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Survey from Wells Fargo Predicts Law Firm Layoffs [post_view]
Wells Fargo Private Bank released its findings from a recent survey that found 15 percent of United States law firms are planning to cut their partnership ranks during the first quarter of 2013, Reuters reported. The survey looks at 115 law firms and their finances. The survey discovered that law firms posted just moderate revenue for the third quarter of 2012 and are planning to cut partners who are not billing enough hours.
During an interview Wednesday, the national managing director for Wells Fargo’s legal specialty group, Jeff Grossman, said that partners who are not used properly is “one of the biggest challenges the industry is facing.”
During a survey in 2010 released by Altman Weil Inc, 25 percent of law firms surveyed cut equity partners and 26 percent reduced their non-equity ranks. Grossman said that underused partners increased during the recession, when a large number of law firms ‘de-equitized’ partners to help stabilize their profits. In the current quarter, the number of equity partners has increased by 1.2 percent in surveyed law firms. Grossman said that this is in comparison to four percent for non-equity partners in the same quarter. In comparison to the same time frame in 2011, the hours billed by all lawyers at the law firms surveyed dropped by 1.5 percent.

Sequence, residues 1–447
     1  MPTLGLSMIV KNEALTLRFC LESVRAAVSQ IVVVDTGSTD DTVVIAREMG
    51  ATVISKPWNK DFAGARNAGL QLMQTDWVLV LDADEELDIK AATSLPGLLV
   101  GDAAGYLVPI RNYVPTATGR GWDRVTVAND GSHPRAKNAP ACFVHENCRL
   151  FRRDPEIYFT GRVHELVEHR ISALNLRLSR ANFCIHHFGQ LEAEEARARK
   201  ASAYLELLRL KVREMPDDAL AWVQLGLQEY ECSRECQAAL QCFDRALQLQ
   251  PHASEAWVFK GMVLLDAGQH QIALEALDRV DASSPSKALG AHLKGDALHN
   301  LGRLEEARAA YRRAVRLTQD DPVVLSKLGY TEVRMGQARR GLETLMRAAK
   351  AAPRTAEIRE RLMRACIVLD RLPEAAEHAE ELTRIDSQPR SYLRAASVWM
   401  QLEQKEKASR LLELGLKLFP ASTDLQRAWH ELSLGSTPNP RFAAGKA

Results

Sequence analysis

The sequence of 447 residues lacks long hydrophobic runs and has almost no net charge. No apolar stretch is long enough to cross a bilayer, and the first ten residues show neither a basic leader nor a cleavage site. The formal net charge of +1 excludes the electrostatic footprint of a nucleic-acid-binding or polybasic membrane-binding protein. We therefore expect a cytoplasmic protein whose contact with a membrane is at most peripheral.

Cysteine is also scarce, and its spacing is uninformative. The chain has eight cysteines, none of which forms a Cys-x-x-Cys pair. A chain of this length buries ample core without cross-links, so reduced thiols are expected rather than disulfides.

The survey also said that revenues increased by three percent compared to the 1.5 percent increase for the same time frame in 2011. Revenue growth was outpaced by general expense spending by 5.8 percent but still dropped from the previous quarter.
The survey findings of Wells Fargo were held back some on purpose so law firms affected by Hurricane Sandy had more time to respond to it. Grossman said that in the short term, he expects some law firms will take a hit financially from the storm but said it was too early to tell right now if any firms suffered a financial impact.
According to the survey, some of the highest-profit firms were located in New York. Those firms reported profits per partner of over $2 million, which is an increase in revenue of 4.9 percent and an increase in net income of 7.9 percent. Grossman said that if the high-profit law firms were taken out of the equation, the Northeast firms would see a 2.5 percent decrease in revenue and a decrease of nine percent in net income.
“That’s the most negatively skewed market,” he said. “High profitability firms have benefited from most of the transactional work, and there hasn’t been enough to benefit the other firms.”
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